This is an archived article that was published on sltrib.com in 2012, and information in the article may be outdated. It is provided only for personal research purposes and may not be reprinted.
A Monday afternoon thunderstorm dropped more water than the burn-scarred mountains in Sanpete and Carbon counties could absorb.
At about 2:10 p.m., the Sanpete County Sheriff's Office received a call of a flash flood south of Fountain Green. The National Weather Service reported damage to multiple homes south of Fountain Green. The sheriff's office reported damage to two homes and to an unknown acreage of farm land.
A heavy amount of debris flowed down several drainages from the Wood Hollow Fire burn scar toward Fountain Green.
State Road 132 was closed as debris flowed over the road in Sanpete County for most of the late afternoon and evening. It was reopened around 10 p.m.
The National Weather Service reported there has been damage to multiple homes in areas between Fountain Green and the burn scar on the mountains to the east.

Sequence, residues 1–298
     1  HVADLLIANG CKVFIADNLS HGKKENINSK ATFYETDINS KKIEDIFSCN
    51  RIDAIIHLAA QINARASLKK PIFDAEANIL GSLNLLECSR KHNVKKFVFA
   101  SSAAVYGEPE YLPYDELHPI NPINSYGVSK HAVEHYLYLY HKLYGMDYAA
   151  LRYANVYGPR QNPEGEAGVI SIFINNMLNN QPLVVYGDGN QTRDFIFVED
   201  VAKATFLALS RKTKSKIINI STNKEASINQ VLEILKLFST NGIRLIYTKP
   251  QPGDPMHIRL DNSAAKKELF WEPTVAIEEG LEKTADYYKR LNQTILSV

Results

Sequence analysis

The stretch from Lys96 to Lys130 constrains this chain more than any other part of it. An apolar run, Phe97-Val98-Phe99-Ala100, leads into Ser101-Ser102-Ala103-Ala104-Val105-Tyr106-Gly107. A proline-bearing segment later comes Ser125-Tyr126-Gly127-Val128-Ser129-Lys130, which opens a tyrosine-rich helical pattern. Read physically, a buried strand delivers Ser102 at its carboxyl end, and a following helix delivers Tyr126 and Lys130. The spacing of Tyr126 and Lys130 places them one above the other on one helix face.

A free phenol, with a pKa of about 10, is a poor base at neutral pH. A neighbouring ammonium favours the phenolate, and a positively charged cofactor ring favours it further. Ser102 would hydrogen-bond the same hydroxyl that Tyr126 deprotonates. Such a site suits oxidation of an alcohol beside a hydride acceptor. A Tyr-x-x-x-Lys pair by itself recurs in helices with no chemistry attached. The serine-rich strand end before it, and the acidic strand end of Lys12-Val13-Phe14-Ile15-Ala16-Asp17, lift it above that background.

More than 1½ inches of rainfall was reported within an hour in the area during the storm, the National Weather Service reported.
On the other side of the mountains to the east, rains also wrecked havoc also on burn scars.
The rains shoved a debris flow down the mountains from the Seeley Fire burn scar in the areas of Hughes, Nuk Woodward and Shute drainage areas. The National Weather Service estimated .3 inches of rain created the flood.
Since the wildfire was put out, there have been an estimated seven debris flows in the area.
National Weather Service meteorologist Mike Seaman said the storms could reach Salt Lake City by Tuesday, but the northern part of the state should dry out by Wednesday. Southern Utah, though, will likely see wet weather through the end of the week, Seaman said.
Temperatures could reach the 80s in Salt Lake City on Tuesday. The highs should be around 90 in St. George and 80 in Cedar City, with a chance of thunderstorms.